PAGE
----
Campagnolo & Shimano

Discussion in 'UK and Europe' started by dailuggs, Feb 13, 2004.

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  1. dailuggs

    dailuggs New Member

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    £ for £ which is better?

    looking at groupsets here nt forks or wheels or forke or nething else (if CAMPAGNOLO & SHIMANO even do all the above), but with regards to the groupsets which is better £ for £

    it appears as the groupsets to compare are:

    CAMPAGNOLO SHIMANO
    xenon sora
    mirage tiagra
    veloce 105


    please no posts about it depends on the wheels you get yadda yadda, im just looking for a straight answer :)

    oh and if your not sure about comparing the groupsets just generally campagnolo or shimano

    cheers guys and gals
     
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  2. Mark

    Mark Guest

    In article <[email protected]>, usenet- [email protected] says...
    > £ for £ which is better?
    >
    > looking at groupsets here nt forks or wheels or forke or nething else (if CAMPAGNOLO & SHIMANO
    > even do all the above), but with regards to the groupsets which is better £ for £
    >
    > it appears as the groupsets to compare are:
    >
    > CAMPAGNOLO SHIMANO xenon sora mirage tiagra veloce 105
    >
    >
    > please no posts about it depends on the wheels you get yadda yadda, im just looking for a straight
    > answer :)
    >
    > oh and if your not sure about comparing the groupsets just generally campagnolo or shimano
    >
    > cheers guys and gals
    >
    >
    >
    > --
    >
    >
    >

    Oh dear, here we go!

    I vote for Campag, no ugly STI cables coming from the hoods, and it's easy to buy individual
    components when things need fixing.

    I use 2003 10 speed Record on my race bike, and 2002 9 speed Veloce on my winter trainer.

    Do a Google on rec.bicyles.tech, this age old issue has been discussed many a time.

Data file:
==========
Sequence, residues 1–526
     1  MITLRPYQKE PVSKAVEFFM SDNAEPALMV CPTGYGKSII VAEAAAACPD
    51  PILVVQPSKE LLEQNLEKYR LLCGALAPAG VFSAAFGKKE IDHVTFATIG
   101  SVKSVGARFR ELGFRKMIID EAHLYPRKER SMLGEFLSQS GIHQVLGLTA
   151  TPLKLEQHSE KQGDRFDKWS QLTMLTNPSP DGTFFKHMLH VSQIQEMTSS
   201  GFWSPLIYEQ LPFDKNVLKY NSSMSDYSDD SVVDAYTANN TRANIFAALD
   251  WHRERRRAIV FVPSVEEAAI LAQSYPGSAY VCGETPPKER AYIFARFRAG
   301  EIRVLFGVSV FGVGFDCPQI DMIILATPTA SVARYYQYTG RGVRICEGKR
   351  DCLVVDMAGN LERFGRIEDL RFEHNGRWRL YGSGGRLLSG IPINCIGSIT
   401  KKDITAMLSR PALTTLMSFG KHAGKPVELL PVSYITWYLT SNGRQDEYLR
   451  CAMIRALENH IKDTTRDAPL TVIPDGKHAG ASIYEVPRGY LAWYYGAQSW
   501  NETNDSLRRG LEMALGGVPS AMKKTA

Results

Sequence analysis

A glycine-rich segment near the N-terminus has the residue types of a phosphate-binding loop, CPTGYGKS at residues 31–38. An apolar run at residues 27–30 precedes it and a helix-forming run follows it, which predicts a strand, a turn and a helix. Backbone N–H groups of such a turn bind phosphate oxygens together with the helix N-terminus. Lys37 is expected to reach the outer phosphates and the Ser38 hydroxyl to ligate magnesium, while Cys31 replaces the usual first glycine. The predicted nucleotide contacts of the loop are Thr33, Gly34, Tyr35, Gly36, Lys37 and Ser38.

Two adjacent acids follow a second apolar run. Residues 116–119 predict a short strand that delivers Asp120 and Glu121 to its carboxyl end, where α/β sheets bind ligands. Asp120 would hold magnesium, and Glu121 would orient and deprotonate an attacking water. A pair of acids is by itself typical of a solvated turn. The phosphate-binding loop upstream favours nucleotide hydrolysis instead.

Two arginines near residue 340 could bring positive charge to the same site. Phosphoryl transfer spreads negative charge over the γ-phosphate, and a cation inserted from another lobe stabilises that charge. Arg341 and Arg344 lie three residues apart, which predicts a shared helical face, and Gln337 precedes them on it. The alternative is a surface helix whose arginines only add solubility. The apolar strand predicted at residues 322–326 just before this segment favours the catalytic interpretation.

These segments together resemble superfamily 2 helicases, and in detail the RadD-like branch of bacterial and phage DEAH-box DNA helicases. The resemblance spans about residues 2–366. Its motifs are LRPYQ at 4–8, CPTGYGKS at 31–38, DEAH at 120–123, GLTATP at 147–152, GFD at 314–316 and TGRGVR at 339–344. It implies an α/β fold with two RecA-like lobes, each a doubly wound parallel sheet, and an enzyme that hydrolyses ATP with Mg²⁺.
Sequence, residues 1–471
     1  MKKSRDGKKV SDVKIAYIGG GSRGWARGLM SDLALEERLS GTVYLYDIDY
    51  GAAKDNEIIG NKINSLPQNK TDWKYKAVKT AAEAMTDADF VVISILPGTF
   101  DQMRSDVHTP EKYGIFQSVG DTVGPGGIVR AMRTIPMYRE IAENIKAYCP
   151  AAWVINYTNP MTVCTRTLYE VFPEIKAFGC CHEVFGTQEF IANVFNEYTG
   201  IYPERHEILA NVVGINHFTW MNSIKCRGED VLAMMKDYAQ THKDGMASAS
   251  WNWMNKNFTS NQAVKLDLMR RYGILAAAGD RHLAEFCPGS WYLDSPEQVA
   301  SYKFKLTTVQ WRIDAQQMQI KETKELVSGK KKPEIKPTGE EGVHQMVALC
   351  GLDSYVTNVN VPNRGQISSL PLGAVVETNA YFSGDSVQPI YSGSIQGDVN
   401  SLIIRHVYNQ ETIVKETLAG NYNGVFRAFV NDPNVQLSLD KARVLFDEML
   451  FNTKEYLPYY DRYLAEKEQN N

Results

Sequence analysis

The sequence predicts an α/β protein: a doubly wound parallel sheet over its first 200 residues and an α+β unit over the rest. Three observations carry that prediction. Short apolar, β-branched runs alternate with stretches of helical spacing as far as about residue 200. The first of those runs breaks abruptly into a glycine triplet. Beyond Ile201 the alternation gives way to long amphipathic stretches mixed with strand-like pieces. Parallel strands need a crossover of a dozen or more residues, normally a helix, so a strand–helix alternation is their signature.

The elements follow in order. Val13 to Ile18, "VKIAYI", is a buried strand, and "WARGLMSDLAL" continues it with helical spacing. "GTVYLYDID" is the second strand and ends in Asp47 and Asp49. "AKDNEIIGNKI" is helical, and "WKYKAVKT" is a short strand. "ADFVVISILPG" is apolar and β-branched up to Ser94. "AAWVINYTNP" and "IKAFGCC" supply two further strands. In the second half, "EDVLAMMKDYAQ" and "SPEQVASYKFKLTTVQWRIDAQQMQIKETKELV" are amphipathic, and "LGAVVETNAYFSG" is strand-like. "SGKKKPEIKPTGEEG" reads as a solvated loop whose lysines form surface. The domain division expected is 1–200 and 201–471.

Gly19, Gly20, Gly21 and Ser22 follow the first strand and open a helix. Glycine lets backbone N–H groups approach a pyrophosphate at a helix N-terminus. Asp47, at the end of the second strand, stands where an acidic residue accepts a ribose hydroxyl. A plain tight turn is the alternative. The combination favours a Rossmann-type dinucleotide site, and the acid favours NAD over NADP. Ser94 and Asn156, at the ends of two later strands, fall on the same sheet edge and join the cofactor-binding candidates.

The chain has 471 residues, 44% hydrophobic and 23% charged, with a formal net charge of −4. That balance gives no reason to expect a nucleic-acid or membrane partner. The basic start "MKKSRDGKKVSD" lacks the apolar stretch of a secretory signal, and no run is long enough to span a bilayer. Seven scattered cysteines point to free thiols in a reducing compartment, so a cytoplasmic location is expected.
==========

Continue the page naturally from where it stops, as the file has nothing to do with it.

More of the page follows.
I can guarantee you won't get a 'straight' answer though!

    --
    Mark (MSA) This post is packaged by intellectual weight, not volume. Some settling of contents may
    have occurred during transmission
     
  3. dailuggs wrote:

    > £ for £ which is better?

    That's a bit like "which is better, Chinese or Indian food?". The technical differences are few, but
    some people prefer Campag Ergopower shifters because all the cables go under the handlebar tape.
    There's an old adage that Campag wears in while Shimano wears out, but I'm not sure how true this
    is. I have ancient (10 years+) Shimano mechs that still have no slop in them.

    Personally I like Shimano because the quality of engineering is very good for the price, but some
    people feel it lacks class somehow.
     
  4. Pete Biggs

    Pete Biggs Guest

    dailuggs wrote:
    > please no posts about it depends on the wheels you get yadda yadda, im just looking for a straight
    > answer :)

    Seriously, there aren't any straight answers to this one. Too many overlapping and complex
    differences to make direct VFM comparisons. Both manufacturers produce some excellent stuff and fans
    will argue (and I mean argue!) that their favourite is "smoother" or "more positive" or "more
    durable". A lot of it this is actually BS.

    If you want combined brake & gear levers, I suggest choosing the make of the whole set by what make
    of levers you prefer. The rest of the kit will get on with its job but there are major differences
    in function and ergonomics between the two makes of this most important part. Have a go on both
    brands of levers if you're not sure, but bear in mind that Shimano STIs are generally not repairable
    as well as being more expensive than Campag Ergos (oh, and can't change up more than one gear at
    once). On the other hand, Ergos do need the springs changing every now and then which is a pain.

    I know a bit more about Campag so I'm happy to help with more detail later if you want to go that